As the 19th Century turned toward the 20th, one of the major political power brokers was the Ohio republican Mark Hanna. “There are two things that matter in politics,” Hanna said. “The first is money. I can’t remember the second.”
Never were more honest words spoken by a political mover and shaker. Jacob Hacker and Paul Pierson, professors of political science at Yale and Berkeley, respectively, invoke the ghost of Hanna in their best-selling and critically received book, “Winner-Take-All Politics: How Washington Made the Rich Richer—And Turned Its Back on the Middle Class."
They clearly and unequivocally cast blame for our current economic malaise and the growing economic gap between the richest Americans and the rest of America squarely at the feet of our political system and its corruption by special-interest money.
More specifically, the authors claim “the current crisis is merely the latest in a long struggle rooted in the interplay of American democracy and American capitalism.”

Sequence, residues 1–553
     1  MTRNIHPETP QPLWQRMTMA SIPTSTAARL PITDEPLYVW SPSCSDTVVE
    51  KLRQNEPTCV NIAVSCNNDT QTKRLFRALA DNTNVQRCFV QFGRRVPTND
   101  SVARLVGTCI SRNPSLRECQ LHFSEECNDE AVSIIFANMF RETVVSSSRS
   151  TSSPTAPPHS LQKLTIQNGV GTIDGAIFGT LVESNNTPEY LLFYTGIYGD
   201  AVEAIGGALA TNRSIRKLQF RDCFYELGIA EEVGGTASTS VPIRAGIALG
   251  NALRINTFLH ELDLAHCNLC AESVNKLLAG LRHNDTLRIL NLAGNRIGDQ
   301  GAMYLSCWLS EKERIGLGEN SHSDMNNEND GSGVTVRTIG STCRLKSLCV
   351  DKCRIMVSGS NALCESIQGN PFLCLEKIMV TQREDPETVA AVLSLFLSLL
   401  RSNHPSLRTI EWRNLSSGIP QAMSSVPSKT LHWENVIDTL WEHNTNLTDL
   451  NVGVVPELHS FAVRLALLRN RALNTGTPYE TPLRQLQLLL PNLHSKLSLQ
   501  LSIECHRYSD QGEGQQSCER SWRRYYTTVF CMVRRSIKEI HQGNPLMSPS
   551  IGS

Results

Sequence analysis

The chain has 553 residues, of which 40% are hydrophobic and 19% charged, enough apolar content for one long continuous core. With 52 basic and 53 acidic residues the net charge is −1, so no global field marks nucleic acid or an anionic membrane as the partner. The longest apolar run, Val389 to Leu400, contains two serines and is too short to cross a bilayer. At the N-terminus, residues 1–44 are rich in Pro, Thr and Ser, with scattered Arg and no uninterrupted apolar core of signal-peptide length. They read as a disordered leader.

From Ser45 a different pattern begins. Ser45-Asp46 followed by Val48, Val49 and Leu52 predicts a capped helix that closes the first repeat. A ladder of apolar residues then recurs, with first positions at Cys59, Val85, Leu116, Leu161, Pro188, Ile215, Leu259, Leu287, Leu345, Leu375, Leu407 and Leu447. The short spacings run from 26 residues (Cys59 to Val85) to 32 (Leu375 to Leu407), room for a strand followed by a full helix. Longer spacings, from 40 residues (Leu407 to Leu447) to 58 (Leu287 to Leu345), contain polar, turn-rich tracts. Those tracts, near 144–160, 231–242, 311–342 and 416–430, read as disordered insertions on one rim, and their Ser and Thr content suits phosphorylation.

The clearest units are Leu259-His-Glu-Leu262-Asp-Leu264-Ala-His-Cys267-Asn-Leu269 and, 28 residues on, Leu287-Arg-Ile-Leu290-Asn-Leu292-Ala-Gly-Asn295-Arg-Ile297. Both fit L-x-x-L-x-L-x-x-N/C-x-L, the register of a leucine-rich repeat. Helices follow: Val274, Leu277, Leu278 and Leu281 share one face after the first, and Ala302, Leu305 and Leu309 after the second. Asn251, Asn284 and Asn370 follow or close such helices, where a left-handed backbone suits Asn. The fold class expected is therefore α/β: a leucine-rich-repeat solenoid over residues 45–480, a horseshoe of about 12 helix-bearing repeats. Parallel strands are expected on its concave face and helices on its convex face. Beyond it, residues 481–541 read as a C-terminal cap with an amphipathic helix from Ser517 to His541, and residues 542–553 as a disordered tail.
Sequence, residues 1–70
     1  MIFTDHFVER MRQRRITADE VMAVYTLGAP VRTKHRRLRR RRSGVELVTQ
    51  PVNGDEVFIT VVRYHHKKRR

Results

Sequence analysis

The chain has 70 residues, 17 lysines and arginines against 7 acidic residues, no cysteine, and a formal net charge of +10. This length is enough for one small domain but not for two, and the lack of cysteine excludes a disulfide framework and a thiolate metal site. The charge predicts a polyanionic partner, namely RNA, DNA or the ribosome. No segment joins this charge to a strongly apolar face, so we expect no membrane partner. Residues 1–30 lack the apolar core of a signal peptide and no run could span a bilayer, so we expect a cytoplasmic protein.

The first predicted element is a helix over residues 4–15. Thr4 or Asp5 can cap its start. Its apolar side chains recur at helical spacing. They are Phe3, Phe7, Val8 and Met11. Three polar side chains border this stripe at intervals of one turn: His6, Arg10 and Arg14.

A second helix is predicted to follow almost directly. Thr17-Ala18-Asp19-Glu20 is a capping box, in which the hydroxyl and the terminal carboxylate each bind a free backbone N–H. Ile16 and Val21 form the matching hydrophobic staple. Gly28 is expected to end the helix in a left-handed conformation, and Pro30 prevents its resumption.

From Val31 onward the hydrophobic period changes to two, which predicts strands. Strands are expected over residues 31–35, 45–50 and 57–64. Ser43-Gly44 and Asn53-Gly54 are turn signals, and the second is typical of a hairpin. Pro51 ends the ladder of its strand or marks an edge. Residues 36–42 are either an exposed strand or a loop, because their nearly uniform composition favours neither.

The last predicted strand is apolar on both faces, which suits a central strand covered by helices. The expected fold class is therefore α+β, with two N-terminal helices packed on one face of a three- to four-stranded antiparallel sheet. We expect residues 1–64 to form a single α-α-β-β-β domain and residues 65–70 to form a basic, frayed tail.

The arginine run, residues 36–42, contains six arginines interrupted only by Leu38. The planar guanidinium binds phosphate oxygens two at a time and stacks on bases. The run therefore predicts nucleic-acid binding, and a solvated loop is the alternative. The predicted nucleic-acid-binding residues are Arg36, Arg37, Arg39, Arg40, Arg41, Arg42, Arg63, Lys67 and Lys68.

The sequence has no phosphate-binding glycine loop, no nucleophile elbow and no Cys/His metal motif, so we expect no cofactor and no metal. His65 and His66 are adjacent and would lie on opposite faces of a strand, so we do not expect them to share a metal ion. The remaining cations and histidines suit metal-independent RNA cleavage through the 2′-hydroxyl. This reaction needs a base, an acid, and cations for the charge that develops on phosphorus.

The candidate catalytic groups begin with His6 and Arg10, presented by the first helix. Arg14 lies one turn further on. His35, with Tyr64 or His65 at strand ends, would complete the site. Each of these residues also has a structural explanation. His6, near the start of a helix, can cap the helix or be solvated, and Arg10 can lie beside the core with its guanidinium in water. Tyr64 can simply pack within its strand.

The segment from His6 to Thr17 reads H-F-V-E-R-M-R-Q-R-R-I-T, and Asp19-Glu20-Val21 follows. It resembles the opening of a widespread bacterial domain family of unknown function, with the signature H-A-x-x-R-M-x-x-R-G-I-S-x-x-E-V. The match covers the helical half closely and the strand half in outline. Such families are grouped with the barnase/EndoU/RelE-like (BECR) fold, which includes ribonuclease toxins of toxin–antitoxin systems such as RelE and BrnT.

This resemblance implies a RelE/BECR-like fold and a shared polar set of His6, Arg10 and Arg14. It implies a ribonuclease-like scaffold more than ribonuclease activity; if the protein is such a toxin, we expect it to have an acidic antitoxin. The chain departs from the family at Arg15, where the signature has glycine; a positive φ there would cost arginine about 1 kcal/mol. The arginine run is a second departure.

Jacobs and Pierson dispute the common argument that globalization and technology are the drivers that turned America from “a broadland of shared prosperity” to a “Richistan of hyper concentrated rewards at the top.”
Instead, they argue that domestic policies have mattered more than economics and so a solution to the problem is within the nation’s control. That’s the good news delivered by “Winner-Take-All Politics.”
But one of the key points the authors make is the degree of organization that defines well-entrenched special interests.
And a sophisticated organization can concentrate focus and funnel money to corral lawmakers into supporting a very specific agenda either through direct action or through drift—an intentional policy to do nothing. This is a fundamental political strategy to bring the nation’s capital to a virtual standstill.
There may be no better example than the historic overuse of filibusters to prevent majority rule by forcing the passage of any legislation to have 60 votes in support rather than 51.
Unfortunately, most Americans are woefully unaware of most of what Jacobs and Pierson report either because they pay little attention or only pay attention to the echo chamber of their choosing.
The American novelist and Civil War historian Shelby Foote once said the Civil War was a national failure of compromise, and that compromise is the essential ingredient to a vibrant democracy.
It will be a tragedy if we continue on the current path.